the most natural look is with your own  tissue, but that will depend on your doner site availability.  it also means a longer operation. i generally suggest that you start with expander /implant reconstructions.  they are easier on you and symetry is fairly easy to achieve. all reconstruction choices have their own set of complications. find an experienced surgeon in your community and he will help you with your choices

Jonathan Saunders, MD
Newark Plastic Surgeon
5.0 out of 5 stars 30 reviews

Bilateral breast reconstruction options

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As a presumably non-radiated patient, you have all options open to you.  Tissue reconstructions can be shaped and reshaped and feel warm and natural.  These are the best reconstructions in the right candidate but involve more scars and much more technical skill from the surgeon.  Bilateral implant reconstructions are easier and can usually look reasonably symmetrical too.  Implants carry long-term baggage like scar tissue, deflation/rupture.  Make sure you see surgeons who can offer ALL the options including microsurgery so the very best for you can be determined.  Good luck!!

Richard P. Rand, MD, FACS
Seattle Plastic Surgeon
5.0 out of 5 stars 49 reviews

Immediate bilateral DIEP flap or other autologous breast reconstruction

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If you are looking for the most natural result,autologous breast reconstruction is the best option. You will get the best cosmetic result if your oncologial breast surgeon can do nipple sparing mastectomy and get immediate DIEP flap reconstruction. All depends on your breast cancer and if you need radiation after mastectomy. You can send more information about your breast cancer stage and your pictures for more evaluation. I prefer DIEP flap since your abdominal muscle left intact unlike TRAM flap that uses abdominal muscle.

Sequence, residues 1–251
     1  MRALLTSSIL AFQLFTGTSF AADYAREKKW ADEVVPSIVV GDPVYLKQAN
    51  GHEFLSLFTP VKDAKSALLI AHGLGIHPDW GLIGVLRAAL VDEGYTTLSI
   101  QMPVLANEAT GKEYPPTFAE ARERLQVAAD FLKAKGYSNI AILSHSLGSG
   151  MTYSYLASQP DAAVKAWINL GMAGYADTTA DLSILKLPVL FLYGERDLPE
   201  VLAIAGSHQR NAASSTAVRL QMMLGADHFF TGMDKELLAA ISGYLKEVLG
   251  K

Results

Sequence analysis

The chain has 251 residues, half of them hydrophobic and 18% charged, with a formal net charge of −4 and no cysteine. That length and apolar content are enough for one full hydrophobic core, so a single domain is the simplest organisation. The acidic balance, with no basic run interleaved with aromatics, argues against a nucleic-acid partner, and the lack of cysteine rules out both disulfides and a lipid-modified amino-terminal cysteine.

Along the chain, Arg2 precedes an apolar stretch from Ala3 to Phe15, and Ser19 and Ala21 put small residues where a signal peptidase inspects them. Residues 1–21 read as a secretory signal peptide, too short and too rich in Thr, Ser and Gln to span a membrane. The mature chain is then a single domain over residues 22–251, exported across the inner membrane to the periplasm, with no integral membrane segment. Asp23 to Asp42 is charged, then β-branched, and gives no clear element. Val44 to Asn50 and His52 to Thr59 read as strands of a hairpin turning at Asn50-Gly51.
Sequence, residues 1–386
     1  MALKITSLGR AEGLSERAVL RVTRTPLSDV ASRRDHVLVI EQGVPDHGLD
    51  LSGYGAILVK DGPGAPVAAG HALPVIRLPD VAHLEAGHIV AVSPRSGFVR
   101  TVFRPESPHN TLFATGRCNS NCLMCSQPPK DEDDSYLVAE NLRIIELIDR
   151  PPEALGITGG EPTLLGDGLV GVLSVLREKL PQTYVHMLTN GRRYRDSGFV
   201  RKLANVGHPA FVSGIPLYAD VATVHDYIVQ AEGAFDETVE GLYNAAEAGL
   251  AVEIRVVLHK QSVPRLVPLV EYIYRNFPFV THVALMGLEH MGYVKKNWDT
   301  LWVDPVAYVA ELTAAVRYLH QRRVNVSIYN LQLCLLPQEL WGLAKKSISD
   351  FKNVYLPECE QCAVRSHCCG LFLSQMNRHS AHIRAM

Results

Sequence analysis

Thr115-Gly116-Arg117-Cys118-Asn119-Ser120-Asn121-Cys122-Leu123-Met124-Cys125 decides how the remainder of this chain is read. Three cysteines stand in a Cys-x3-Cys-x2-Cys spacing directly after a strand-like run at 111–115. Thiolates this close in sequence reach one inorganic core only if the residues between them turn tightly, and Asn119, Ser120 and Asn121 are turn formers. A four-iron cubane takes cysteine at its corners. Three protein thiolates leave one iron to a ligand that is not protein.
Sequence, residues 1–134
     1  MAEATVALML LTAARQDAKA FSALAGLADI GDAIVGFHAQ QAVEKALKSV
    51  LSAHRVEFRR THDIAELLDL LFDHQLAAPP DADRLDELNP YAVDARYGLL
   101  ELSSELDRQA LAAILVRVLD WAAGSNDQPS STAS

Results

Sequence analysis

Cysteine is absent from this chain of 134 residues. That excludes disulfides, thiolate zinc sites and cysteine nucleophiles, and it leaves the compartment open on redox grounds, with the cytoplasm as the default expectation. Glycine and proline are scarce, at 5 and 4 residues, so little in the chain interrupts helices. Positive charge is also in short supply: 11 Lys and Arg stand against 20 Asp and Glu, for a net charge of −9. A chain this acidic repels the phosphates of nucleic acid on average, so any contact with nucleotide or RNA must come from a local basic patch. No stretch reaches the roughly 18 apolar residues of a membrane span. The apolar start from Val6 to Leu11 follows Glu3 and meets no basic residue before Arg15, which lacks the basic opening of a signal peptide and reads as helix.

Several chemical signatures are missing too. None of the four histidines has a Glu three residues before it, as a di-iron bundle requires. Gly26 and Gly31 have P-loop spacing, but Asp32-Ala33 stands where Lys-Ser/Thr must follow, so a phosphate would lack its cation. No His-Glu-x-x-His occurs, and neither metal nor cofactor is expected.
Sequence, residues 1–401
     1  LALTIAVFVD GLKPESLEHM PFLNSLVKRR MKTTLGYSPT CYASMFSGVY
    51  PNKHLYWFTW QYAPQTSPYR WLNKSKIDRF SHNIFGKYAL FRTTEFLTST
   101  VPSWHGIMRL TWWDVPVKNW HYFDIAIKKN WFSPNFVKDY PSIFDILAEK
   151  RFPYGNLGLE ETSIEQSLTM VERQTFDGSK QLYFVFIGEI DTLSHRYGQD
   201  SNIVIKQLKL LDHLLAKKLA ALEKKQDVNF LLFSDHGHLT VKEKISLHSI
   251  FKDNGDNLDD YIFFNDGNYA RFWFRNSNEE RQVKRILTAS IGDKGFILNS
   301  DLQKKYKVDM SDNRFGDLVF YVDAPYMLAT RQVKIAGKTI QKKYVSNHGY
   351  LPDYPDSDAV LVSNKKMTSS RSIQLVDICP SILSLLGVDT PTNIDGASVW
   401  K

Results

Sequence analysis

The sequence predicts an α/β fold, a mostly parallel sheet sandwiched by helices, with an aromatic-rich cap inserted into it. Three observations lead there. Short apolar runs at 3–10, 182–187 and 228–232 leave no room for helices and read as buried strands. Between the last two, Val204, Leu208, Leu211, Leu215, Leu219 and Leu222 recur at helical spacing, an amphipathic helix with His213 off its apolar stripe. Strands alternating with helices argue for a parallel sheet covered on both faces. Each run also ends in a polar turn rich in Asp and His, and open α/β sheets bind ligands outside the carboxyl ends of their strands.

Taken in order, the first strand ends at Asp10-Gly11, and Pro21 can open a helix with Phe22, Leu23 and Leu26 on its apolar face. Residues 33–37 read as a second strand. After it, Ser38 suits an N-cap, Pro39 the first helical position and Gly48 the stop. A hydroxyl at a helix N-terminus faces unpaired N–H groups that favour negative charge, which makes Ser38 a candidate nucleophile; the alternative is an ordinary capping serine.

Kamran Khoobehi, MD
New Orleans Plastic Surgeon
4.5 out of 5 stars 57 reviews

These answers are for educational purposes and should not be relied upon as a substitute for medical advice you may receive from your physician. If you have a medical emergency, please call 911. These answers do not constitute or initiate a patient/doctor relationship.